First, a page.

How to Get SSDI Benefits for Lupus
Once you apply for SSDI benefits for Lupus, the SSA will assign you a disability examiner (DE) at the Disability Determination Services (DDS) that will look into your symptoms if you are able to take up old work or new, less demanding work. This process is called determining your residual functional capacity (RFC) which is used by the SSA to analyze the severity of your disability. So, your DE will look at the skill levels of your past work to analyze and determine whether you are able to take up other similarly skilled jobs, despite your physical or mental limitations including any skilled, semi-skilled or unskilled work that you could take up after taking into consideration your lupus related symptoms.
Medical Evidence: It is important that you have updated documented medical evidence for each symptom caused due to lupus from the date of diagnosis. This also included the treatments you have seeked, the doctor's you have consulted, their prescriptions, whether you followed those prescription treatments and if they improved or worsened your conditions. Remember, the more medical evidence you could show to your DE, the more your chances for qualifying for SSDI benefits.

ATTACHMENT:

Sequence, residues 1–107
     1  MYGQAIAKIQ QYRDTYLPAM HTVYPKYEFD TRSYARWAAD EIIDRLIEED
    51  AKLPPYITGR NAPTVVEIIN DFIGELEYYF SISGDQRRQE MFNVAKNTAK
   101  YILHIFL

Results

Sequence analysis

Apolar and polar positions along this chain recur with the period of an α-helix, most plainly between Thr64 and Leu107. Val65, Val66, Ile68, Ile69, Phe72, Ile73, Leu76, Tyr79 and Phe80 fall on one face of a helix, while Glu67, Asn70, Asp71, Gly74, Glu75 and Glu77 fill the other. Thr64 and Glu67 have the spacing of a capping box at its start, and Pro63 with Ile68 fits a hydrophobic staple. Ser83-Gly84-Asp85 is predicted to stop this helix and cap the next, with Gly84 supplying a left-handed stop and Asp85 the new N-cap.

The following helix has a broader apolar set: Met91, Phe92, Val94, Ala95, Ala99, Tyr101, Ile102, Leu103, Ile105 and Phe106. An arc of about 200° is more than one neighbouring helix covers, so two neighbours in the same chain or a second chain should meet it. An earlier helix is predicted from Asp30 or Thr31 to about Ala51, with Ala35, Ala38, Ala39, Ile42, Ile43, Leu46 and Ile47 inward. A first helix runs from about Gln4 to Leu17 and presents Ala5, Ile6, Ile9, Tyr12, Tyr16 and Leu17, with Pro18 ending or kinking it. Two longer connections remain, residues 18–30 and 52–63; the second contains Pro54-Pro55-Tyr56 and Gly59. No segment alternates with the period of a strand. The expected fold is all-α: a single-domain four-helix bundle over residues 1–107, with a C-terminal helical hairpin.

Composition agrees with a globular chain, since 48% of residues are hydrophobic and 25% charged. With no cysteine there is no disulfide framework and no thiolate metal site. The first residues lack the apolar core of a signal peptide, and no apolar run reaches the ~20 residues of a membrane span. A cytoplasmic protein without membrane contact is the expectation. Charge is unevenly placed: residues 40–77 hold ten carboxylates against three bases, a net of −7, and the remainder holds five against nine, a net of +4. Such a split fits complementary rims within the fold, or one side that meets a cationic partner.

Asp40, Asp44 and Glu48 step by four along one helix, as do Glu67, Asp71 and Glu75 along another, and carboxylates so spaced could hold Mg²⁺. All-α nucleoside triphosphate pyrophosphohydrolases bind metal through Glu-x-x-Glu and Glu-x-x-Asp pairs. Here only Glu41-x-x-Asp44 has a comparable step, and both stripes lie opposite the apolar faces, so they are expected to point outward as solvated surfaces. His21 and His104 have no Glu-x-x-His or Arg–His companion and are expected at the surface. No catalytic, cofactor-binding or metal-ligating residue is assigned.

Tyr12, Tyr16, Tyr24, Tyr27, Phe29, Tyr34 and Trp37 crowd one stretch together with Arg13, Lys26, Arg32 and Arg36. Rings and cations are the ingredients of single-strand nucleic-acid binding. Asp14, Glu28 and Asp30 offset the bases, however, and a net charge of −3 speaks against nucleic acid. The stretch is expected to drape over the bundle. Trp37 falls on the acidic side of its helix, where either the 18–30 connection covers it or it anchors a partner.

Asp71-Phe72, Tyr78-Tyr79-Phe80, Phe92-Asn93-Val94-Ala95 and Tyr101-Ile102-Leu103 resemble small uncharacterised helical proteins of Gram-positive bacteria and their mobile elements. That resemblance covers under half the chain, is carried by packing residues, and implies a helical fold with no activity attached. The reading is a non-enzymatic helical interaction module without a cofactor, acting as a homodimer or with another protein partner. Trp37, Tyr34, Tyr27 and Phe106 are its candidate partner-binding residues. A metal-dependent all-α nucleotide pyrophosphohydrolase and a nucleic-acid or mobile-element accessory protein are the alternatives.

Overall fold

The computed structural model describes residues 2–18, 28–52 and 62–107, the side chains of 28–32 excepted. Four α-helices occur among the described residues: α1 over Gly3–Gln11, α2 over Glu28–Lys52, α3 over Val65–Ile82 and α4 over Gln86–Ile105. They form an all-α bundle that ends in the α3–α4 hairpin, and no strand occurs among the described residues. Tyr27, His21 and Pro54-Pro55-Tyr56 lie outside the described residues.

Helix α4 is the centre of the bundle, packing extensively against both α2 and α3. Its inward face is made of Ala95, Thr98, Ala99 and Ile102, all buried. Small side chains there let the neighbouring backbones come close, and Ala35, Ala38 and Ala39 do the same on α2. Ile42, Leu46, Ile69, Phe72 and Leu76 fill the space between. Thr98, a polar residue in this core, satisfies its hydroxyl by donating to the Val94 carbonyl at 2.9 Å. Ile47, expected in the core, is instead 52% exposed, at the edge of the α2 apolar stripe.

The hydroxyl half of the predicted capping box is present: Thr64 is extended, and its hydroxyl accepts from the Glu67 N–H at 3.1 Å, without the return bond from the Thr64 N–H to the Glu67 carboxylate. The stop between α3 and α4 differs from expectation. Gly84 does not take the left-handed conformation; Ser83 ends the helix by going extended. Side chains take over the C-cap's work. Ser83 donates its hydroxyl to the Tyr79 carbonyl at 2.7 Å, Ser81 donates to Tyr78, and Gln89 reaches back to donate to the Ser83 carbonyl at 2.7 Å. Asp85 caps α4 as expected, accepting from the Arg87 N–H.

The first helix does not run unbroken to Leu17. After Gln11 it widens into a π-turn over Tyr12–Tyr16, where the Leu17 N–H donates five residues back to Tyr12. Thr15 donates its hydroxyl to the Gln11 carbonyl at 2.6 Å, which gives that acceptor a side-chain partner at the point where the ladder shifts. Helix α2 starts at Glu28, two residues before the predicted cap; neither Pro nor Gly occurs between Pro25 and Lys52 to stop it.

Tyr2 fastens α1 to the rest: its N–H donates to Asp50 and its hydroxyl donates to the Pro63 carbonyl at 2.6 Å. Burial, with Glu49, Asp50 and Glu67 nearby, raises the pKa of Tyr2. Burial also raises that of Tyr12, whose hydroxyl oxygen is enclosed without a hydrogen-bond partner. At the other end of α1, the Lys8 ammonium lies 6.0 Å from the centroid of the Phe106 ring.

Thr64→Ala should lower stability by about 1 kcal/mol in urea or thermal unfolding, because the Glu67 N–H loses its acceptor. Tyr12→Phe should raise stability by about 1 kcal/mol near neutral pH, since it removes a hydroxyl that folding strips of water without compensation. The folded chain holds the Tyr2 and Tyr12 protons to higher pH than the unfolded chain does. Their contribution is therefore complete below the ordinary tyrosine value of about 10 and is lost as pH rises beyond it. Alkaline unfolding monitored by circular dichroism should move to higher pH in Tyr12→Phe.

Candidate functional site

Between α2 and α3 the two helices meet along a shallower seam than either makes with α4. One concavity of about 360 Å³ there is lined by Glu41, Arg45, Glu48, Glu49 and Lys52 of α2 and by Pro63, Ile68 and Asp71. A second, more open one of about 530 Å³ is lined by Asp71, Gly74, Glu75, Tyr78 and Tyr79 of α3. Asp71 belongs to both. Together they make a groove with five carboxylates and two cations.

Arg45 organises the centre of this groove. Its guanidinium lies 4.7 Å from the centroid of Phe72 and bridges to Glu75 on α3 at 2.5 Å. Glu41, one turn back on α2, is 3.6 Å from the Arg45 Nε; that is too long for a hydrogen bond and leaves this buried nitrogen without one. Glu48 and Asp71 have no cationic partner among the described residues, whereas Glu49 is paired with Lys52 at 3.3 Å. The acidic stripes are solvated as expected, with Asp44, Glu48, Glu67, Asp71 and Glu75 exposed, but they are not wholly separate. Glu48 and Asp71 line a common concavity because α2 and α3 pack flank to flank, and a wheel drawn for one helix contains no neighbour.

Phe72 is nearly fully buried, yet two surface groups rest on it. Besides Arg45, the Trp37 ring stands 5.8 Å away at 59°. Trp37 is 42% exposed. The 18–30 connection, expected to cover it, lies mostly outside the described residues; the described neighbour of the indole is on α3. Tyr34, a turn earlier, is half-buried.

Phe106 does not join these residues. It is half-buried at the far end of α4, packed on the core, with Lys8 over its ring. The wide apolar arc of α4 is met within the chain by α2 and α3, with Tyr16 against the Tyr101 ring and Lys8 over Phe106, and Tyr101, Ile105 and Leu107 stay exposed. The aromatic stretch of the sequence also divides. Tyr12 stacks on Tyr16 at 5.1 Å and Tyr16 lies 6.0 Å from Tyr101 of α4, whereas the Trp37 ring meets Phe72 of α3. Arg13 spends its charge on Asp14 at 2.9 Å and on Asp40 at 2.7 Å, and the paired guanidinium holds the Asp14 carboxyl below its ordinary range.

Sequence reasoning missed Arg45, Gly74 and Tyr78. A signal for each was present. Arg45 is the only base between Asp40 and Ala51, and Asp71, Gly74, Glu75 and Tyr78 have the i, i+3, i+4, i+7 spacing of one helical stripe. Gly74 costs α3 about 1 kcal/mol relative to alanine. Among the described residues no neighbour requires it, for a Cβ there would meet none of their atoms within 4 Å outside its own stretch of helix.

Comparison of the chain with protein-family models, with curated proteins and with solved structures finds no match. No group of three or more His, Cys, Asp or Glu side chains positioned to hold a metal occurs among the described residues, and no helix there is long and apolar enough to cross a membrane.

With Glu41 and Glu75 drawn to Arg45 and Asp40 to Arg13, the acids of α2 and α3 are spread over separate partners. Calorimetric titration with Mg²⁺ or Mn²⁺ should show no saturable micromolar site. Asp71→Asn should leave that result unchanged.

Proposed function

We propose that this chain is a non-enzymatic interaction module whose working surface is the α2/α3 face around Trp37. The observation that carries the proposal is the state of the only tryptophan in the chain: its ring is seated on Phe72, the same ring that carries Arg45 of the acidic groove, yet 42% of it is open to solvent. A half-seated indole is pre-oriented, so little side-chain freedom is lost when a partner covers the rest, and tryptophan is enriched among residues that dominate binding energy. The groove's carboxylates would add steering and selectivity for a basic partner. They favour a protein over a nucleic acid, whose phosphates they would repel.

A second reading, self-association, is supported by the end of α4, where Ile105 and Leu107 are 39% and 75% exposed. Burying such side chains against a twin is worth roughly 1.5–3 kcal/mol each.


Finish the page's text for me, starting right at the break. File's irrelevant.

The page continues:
Non-Medical Evidence (RFC Limitations): Also, it is important to get your doctor's and employer's testimonies stating how your condition affects your daily functioning capacity. This is because even if you do not qualify for SSDI benefits by not meeting the SSA's listings in the Blue Book, you may qualify through the non-medical evidence, such as inability to take up previous or new work and/or an inability to perform daily tasks.
SSA's Blue Book Listing for Lupus: The SSA's official listing for lupus, listing 14.02, is fairly complicated. It not only requires a formal diagnosis of lupus but also that a patient meet two out of four of the following:
- - fever with no other cause
- - severe fatigue (frequent exhaustion resulting in low activity)
- - malaise (frequent feelings of illness or bodily discomfort), or
- - involuntary weight loss.
Medical Criteria for Lupus Diagnosis: According to the SSA, a patient must meet two of the following in order to be considered as having lupus. Additionally, of these two, atleast one of the two organs must be affected to a moderate degree of severity or more. Of these organ problems are: